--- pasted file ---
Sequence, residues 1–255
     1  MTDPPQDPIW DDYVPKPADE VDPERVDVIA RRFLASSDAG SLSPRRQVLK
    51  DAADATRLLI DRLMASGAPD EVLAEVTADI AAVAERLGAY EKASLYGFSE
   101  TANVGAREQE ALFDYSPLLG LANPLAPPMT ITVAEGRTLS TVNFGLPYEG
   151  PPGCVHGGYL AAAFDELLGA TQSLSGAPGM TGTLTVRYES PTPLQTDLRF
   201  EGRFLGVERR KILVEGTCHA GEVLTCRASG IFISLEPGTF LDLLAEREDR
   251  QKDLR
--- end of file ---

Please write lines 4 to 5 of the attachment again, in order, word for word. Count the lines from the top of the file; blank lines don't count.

   101  TANVGAREQE ALFDYSPLLG LANPLAPPMT ITVAEGRTLS TVNFGLPYEG
   151  PPGCVHGGYL AAAFDELLGA TQSLSGAPGM TGTLTVRYES PTPLQTDLRF